The dangers of using your cell phone while driving are well documented, but it is a habit that is terribly hard to break. Laws in the UK and Canada are stricter than they are in the US – in fact, the new rules in England, Scotland, and Wales just got downright impossible to ignore. As of March 1, if a new driver, considered with two-years or less driving experience gets caught using his cell phone when driving they will lose their license. Anytime you get six points or more after having you license for less than two years, the driver must retake their practical and theory driving tests. Drivers with over two years' experience can be banned if they get 12 points in three years. Previously, a driver caught using their phone only received 3 points, and a £100 fine and the new law doubles those amounts.
Texting, or using your smartphone in general, takes your mind away from what you are doing – Toronto even tried to ban texting when crossing the street because of the accidents it can cause. If it can distract you while walking, imagine how it can be a nuisance when driving a two-ton hunk of metal down the road. Their latest statistics show that in 2015, 22 people were killed and 99 seriously injured in accidents because a driver was using their phone. Their laws have specific things you can and cannot do while driving with a cellphone. There is no use of a handheld even if you are at a stop light and even if it is mounted in a holder. There are no watching videos of any sort, although you can listen to music if it is mounted and you are using a Bluetooth connection. You can use the navigation features are long as it is mounted – however, if an officer deems that it was impairing your driving, then the police can still cite you. You can only use you phone in your hands if you are parked or if you need to call 999 or 112 in an emergency and you are unable to stop.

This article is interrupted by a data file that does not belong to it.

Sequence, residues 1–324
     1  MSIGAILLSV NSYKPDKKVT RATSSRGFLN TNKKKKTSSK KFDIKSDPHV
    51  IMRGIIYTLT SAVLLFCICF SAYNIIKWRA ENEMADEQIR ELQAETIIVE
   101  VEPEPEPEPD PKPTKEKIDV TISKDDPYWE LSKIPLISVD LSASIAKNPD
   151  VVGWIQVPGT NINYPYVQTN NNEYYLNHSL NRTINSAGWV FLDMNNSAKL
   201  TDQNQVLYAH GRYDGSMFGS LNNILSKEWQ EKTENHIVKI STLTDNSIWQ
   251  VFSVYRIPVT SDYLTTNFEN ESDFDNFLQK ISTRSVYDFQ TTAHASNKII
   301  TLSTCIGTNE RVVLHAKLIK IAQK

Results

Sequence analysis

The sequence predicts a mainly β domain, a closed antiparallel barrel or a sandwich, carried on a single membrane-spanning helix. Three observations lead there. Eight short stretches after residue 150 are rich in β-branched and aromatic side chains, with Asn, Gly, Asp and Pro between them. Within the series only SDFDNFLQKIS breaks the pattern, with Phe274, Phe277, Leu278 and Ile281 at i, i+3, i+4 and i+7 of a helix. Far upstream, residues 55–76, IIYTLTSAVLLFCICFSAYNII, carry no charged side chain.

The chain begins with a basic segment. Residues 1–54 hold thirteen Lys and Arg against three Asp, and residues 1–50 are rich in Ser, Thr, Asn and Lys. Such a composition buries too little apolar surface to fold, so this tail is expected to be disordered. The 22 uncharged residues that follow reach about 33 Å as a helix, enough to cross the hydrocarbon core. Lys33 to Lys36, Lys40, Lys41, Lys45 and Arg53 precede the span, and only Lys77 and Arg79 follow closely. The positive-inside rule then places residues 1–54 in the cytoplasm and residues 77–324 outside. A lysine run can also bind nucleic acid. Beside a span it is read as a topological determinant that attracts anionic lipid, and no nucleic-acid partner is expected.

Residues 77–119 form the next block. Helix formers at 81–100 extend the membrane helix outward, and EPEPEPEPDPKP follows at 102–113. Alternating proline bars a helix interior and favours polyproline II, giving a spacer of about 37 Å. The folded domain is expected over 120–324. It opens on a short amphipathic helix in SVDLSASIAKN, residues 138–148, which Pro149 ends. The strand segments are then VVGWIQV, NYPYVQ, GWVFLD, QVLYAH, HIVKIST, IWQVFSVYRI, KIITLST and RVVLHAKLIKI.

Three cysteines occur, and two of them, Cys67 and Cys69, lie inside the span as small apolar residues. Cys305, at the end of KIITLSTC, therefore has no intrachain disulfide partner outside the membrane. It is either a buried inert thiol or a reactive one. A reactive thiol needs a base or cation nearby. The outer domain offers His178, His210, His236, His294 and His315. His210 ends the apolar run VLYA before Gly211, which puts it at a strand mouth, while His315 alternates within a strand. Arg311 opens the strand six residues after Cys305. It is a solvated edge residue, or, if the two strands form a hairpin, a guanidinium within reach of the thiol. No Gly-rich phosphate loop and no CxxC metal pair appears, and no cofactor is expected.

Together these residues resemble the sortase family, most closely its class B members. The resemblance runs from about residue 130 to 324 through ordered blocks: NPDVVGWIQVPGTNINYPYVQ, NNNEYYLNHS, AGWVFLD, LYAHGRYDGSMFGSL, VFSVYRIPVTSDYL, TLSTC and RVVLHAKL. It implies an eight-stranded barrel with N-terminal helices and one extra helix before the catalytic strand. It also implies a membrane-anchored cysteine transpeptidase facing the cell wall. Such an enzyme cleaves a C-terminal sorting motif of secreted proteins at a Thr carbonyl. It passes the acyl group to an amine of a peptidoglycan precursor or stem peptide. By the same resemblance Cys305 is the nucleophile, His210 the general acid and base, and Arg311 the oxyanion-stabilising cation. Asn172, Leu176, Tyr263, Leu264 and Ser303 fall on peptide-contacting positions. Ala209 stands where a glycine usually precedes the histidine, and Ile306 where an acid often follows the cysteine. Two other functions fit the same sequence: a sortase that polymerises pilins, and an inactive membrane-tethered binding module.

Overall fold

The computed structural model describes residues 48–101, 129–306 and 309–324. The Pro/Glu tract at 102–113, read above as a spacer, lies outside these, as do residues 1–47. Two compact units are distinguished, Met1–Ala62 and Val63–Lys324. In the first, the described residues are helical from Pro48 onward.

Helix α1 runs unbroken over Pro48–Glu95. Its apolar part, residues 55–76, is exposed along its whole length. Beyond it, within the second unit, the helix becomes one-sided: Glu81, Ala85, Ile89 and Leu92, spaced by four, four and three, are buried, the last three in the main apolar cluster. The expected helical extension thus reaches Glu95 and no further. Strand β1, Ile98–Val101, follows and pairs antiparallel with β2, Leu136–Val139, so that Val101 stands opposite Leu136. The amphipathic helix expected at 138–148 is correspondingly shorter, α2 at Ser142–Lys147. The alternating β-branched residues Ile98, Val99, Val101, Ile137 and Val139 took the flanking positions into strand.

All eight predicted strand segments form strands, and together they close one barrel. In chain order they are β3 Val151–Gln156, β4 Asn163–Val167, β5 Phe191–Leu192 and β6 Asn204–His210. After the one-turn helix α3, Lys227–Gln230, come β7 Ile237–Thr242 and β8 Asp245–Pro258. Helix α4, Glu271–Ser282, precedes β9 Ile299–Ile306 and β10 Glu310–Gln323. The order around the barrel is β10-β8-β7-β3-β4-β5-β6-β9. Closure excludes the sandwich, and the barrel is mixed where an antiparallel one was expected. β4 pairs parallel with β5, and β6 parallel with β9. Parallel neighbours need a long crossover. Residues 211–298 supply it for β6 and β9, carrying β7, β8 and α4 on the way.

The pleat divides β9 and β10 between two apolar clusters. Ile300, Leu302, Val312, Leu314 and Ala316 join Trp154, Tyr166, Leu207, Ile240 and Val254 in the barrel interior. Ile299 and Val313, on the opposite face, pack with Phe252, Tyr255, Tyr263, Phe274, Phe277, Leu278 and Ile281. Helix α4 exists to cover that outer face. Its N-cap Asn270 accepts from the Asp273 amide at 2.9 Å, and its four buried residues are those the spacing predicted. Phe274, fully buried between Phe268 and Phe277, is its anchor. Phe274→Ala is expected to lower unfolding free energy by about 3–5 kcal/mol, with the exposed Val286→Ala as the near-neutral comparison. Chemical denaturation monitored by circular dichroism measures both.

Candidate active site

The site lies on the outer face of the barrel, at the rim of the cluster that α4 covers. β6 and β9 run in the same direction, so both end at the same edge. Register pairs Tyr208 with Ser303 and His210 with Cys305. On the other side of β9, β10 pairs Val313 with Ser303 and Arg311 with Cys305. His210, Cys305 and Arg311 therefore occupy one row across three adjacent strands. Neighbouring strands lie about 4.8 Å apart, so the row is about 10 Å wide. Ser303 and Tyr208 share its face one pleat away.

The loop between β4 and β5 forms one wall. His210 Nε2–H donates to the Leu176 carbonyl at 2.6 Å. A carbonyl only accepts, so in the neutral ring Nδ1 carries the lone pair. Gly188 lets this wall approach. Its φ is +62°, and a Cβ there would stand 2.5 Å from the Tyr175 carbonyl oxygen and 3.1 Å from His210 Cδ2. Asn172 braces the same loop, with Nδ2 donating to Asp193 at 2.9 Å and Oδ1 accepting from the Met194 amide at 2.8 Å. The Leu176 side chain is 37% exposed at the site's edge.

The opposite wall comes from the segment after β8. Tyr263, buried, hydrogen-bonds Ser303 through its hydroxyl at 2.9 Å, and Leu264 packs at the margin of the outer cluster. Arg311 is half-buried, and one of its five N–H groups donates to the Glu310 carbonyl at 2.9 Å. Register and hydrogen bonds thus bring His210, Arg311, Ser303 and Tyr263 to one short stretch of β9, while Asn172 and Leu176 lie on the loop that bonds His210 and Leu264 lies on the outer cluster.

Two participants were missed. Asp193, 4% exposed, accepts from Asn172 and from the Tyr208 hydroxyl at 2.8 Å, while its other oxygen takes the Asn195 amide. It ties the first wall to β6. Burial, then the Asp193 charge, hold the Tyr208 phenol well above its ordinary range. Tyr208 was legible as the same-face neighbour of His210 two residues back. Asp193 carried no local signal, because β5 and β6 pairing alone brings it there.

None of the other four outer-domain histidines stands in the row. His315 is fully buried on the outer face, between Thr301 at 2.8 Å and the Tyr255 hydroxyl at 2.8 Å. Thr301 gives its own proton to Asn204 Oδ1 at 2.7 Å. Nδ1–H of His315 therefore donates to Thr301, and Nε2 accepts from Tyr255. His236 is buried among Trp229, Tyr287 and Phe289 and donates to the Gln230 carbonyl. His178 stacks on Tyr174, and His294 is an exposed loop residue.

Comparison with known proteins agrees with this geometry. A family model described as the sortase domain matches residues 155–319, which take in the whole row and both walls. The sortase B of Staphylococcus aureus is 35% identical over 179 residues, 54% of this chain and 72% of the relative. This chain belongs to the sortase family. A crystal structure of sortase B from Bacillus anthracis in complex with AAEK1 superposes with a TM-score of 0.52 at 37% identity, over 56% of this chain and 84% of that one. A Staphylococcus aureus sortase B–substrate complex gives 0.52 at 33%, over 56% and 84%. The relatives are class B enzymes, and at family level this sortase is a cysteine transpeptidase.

The laws are changing because there are just too many penalties being handed out – just during the week from January 23 to January 29, when the police were targeting drivers using their cell phones, the Department of Transportation cited 3,600 drivers. Transport Secretary Chris Grayling said, "Doubling penalties will act as a strong deterrent to motorists tempted to pick up their phone while driving and will also mean repeat offenders could find themselves banned from our roads if they are caught twice." While it seems like a minor act using your cell phone, it can change a person's life forever.